On our way home, we picked up Rob who works close by. We started making our way through the nightly traffic jam back home, feeling cozy, perhaps partly because of the mesmorizing sea of brake lights before us on I-5. Rob and I are chatting in the front seat while Lucy and Jasper are grooving on an old old Lucinda Williams CD I got at the library. It is good - I think called Happy Woman Blues? A younger, simpler Lucinda. But anyway, Rob broaches the topic of an upcoming party and needing to get a babysitter. Suddenly from the backseat, Jasper, who'd been pretty sleepy-headed, warns us: "Don't think about getting a babysitter or there will be a consequence." Rob: "Oh really, what consequence, Jasper?" Jasper: "My consequence."

Then moments later, Rob is snacking on the crackers I'd brought for kid-snacks, Jasper pipes up again: "Dad, don't fill up on those crackers."

Later in the evening, I escaped the house again - the kids hardly noticing - and went back out into the night for Thai food and a walk around Green Lake - with my friend Jennifer (a dear fellow INFP) and the full moon (well, technically starting to wane, but full-looking) for company. Back home to a sweet, funny husband who'd done all the dinner dishes, and two soft, sleeping cheeks to kiss.

Tuesday, November 11, 2008

Martinmas/Lantern Walk

At first it seemed an unlikely night to go out, with hot chocolate, snacks to share, and homemade lanterns, and gather together at Carkeek Park to hear the story of St. Martin and sing songs as we walked along through the dark park. It was wet. It was rainy. It was cold. It was dark. But truly, the idea of the man who lived far away and long ago, the singing and the sheer adventure and novelty of being out in the elements in the dark with a bunch of other families -- including a wonderful storyteller, a good song leader and an incredibly great builder of fires, gave us all a warm, cozy, sweet feeling inside. And we only reluctantly piled back into the mini-van to return home.

Lucy and I continued reading our new most favorite book ever - Meindert DeJong's Wheel on the School. I had never heard of the author, but the story is so far a beautiful perfect jewel. I want to read everything this man ever wrote.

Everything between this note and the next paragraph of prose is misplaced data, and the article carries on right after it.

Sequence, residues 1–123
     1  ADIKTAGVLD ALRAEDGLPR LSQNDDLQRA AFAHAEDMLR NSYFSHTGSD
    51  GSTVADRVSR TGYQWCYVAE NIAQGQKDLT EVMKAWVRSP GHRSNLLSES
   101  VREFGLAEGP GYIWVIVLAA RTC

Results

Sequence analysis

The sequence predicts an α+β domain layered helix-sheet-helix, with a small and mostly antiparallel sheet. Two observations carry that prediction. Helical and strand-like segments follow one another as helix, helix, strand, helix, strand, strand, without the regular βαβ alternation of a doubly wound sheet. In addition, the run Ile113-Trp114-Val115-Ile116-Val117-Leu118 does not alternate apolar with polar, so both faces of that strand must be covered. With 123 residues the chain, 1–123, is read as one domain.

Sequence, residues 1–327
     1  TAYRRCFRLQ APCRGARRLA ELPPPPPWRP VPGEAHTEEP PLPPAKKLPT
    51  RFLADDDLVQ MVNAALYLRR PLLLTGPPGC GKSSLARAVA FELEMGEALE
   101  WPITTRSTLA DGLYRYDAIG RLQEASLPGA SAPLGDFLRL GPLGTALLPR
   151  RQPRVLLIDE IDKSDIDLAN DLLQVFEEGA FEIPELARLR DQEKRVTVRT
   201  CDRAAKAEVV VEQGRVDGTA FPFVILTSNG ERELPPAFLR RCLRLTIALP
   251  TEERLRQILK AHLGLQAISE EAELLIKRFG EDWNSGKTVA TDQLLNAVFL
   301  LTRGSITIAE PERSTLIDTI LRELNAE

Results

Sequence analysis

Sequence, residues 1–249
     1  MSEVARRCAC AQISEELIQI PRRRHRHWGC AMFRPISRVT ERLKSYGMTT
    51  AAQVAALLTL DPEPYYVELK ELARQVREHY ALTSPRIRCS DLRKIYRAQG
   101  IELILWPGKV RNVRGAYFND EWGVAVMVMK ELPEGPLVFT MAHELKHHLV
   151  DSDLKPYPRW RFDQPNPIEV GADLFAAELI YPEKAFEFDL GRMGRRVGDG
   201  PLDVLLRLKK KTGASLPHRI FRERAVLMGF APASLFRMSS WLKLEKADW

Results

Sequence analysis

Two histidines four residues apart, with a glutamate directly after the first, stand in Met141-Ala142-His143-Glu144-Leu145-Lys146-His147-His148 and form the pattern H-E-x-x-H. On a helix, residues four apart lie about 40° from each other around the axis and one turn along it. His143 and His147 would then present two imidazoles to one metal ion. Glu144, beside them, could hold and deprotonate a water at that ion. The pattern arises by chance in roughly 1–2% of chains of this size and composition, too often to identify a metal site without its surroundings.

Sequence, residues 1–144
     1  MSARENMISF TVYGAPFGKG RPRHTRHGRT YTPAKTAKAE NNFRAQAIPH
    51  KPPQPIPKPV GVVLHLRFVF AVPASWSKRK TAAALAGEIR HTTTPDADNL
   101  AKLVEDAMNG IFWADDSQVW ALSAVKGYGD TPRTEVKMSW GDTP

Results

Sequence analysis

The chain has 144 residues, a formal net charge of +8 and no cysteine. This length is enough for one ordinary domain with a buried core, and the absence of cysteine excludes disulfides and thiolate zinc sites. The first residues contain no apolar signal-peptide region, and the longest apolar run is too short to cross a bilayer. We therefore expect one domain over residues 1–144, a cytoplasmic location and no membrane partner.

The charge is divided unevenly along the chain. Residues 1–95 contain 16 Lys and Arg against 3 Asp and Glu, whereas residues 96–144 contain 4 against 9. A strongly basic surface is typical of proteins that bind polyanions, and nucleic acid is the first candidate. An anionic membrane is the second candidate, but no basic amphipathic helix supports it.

No surprise that Lucy ended up in a tree, with her friend, Nate.

Monday, November 10, 2008

Media Fast Over

My appetite for news which waned dramatically in the last decade or so returned full force as of last Tuesday. What I crave (besides my staple diet of the New Yorker): The New York Times. It is good. I keep mentioning it to Rob offhandedly as he goes out somewhere - um, you could pick up a paper... He obliges. Hey, he loves news. Always has, always will.

Then I switch gears to revel in (well, and help create and clean up from...)scenes like these.

Thursday, November 6, 2008

the photographer photographed

The Carey's came over on Saturday night. We love hanging out with them: Matt and Rob immediately are immersed in photo-speak, and Melanie and I, well, let's just say we get along. Lucy and Sophia are "best friends," which is apparently a subject of much debate among school-going first grade girls. We're still working with the Jasper/Owen connection... They do both like things with wheels, so there is potential.

A wonderful side benefit of the relationship is that we get great pictures taken of our family by Matt, who is a talented (and somewhat obsessive) photographer. He took that great pic of Rob and J.

Wednesday, November 5, 2008

Inspired and Happy